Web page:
Saturday, September 14, 2013

Walking in West Yellowstone

I must make an embarrassing admission.  I had no idea how big Yellowstone is.  We haven't really spent that much time in the western national parks. Yesterday was 160 miles in the truck.  Coming back to the RV park was just brutal; lots of slow moving cars, critter clots, and people towing too much trailer for their pickup.  We abandoned our idea of a "day trip" to the Grand Tetons.  It would just be too far, and the area really deserves more than a fly-by.  We're going to come back next year and stay in Moran.
Since it was pouring again this morning, we got off to a slow start.  Jim dumped tanks and I backed up four months of photos.  About time!  Then we went in to the town of West Yellowstone to look at stuff.
This is the old Union Pacific depot.  It has been turned into a nice little museum.

This is how people used to get around on the snow.  This thing has three skids.  The sign said they were prone to rolling over.

It's powered by a Continental Aircraft engine.  Yes, those crazy Montana guys bolted airplane engines on their snow mobiles and took off in the winter.

Yellowstone was one of the first National Parks.  When it was formed, no money was allotted for its maintenance.  Poachers and vandals ran rampant until the US Army was brought in to restore order.  Once that happened, tourism followed.  You had to be tough to vacation there in the early days.  This is how you got there.

The museum had a couple of  stuffed horses that were very realistic.

The Union Pacific really opened the area to tourism.  They built the line into West Yellowstone, and made it possible for people to get there.  The Milwaukee went in as well, going to the north entrance of the park.  It was a happy day when the snow was removed from the tracks, and food, mail and people returned to the area.
This is the U-P dining hall.  It's huge.  People would exit the train, and head for the dining room, being welcomed by the staff.  It's not open to the public to walk through, people can rent it for special events like weddings.

One can, however, sneak in the back door when staff is setting up for an event.  This is the small fireplace.

That's the big fireplace at the far end.  It's at least 20 feet tall.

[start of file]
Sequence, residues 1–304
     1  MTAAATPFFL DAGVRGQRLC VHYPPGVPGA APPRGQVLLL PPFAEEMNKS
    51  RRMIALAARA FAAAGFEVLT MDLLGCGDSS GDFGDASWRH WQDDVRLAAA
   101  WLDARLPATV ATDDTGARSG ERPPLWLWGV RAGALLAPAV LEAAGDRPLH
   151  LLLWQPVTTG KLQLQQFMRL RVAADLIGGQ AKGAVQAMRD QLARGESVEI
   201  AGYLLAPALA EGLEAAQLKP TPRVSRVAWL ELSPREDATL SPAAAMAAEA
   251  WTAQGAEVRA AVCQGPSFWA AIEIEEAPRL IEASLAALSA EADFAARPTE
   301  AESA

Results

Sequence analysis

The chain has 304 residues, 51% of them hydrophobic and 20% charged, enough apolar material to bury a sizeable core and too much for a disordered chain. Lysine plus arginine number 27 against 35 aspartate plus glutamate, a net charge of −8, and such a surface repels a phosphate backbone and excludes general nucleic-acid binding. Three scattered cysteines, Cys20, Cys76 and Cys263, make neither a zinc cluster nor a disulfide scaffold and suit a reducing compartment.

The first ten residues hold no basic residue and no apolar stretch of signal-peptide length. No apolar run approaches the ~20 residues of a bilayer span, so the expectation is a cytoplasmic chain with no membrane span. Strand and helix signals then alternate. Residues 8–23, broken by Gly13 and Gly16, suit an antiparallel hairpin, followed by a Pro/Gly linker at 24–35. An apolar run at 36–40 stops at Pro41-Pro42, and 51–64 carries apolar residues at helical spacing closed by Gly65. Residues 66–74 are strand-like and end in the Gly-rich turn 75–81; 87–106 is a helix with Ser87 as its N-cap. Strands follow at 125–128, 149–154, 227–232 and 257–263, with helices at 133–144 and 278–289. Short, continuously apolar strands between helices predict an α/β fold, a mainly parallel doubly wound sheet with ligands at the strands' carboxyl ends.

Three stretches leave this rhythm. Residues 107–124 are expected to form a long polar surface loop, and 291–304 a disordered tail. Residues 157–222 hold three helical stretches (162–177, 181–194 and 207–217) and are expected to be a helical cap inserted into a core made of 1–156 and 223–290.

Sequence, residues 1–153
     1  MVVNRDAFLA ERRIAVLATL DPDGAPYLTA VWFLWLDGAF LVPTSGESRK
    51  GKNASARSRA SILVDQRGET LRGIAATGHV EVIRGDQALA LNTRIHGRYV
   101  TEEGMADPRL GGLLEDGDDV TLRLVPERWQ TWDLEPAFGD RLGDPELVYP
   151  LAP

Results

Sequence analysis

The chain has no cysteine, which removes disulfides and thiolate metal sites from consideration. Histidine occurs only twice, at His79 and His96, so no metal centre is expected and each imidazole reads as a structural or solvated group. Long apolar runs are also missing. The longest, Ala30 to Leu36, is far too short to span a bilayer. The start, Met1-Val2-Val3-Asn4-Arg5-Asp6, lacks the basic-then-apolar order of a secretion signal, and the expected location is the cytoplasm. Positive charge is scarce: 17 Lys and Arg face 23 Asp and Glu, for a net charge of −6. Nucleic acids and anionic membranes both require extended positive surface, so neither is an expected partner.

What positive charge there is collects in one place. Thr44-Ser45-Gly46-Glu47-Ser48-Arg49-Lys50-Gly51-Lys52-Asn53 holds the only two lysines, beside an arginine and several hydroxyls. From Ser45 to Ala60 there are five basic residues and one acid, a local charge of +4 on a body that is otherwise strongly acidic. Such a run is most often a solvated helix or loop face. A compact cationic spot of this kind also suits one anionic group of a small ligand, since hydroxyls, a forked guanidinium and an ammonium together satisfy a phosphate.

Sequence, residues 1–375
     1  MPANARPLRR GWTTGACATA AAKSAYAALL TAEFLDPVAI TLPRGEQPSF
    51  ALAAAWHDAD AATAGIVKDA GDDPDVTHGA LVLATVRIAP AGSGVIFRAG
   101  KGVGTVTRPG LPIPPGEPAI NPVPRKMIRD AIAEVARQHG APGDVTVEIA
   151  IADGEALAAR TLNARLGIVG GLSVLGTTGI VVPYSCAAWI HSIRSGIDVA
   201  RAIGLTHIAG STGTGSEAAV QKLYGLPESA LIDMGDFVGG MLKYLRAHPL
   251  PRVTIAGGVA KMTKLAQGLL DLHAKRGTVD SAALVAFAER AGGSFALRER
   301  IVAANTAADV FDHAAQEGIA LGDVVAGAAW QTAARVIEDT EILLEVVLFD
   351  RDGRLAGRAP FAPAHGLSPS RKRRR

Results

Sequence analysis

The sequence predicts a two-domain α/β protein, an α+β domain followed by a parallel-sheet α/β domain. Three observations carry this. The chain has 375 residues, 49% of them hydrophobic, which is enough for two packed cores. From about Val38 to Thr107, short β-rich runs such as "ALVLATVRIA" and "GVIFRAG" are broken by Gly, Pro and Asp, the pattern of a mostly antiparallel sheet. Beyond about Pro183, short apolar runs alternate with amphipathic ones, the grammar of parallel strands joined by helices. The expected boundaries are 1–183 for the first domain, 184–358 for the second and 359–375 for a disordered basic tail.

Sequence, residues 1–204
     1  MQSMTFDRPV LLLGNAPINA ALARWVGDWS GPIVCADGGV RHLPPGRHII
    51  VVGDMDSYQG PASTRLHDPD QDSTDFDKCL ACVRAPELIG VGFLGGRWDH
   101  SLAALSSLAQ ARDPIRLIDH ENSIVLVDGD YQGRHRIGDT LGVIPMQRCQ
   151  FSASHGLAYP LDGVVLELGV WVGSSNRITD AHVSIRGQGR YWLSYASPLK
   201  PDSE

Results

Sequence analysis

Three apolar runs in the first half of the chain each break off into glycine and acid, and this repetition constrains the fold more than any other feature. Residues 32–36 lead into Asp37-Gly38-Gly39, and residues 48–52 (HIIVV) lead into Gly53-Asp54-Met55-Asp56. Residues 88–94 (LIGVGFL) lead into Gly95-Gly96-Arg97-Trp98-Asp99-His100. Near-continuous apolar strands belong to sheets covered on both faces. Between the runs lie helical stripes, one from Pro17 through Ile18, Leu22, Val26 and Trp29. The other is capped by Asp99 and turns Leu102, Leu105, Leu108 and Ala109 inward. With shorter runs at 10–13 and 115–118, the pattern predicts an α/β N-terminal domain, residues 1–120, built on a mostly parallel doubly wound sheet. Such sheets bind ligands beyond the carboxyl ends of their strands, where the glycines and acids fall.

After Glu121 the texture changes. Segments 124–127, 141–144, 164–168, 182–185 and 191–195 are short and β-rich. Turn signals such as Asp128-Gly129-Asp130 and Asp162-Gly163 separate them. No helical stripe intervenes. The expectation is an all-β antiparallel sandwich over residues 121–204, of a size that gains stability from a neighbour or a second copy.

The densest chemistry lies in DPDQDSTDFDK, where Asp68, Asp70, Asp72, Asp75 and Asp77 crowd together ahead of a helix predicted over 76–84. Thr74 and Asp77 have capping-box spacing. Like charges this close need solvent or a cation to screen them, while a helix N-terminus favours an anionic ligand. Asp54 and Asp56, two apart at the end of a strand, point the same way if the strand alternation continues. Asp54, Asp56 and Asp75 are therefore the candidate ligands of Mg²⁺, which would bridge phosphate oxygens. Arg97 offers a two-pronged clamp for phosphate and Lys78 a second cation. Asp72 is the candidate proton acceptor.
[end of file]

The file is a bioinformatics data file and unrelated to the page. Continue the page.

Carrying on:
After spending two days in the truck, it was nice to be on our feet, walking around looking at stuff.  We found a decent grocery store and restocked on produce. They even had jars of Maille cornichons.  I do love me some pickle juice in my tuna salad.


  1. I don't think a lot people realize the vastness of Yellowstone, not to mention the variety of features to explore. There are miles of walking required to see everything. Yellowstone is not for those in bad physical shape. We spent ten days there on our third visit and I still needed more time. It is a true wonder!

  2. we put over 200 miles in the car on Thursday to visit Kings Canyon ;) We have always done the Teton in a day trip, but like you said, it has never done it justice, it's just hard to get me out of Yellowstone. I am always on the hunt for the critters, mostly Moose in the Tetons :) Sorry the weather has been so bad for you, it's definitely staying on that side of the mountains, going to be another HOT one today here... At Sequoia & Kings Canyon Nat'l Parks :)

  3. I'm just getting caught up on a few days of your goodness you have been plagued with some sketchy weather at Yellowstone! Hans and I avoided the area in August figuring the crowds would be too much. I think going after Labor Day like you are makes the most sense and it seems one needs to allot at least two weeks to the area. Obviously we must put this on our list for a future visit...the scenery is stunning!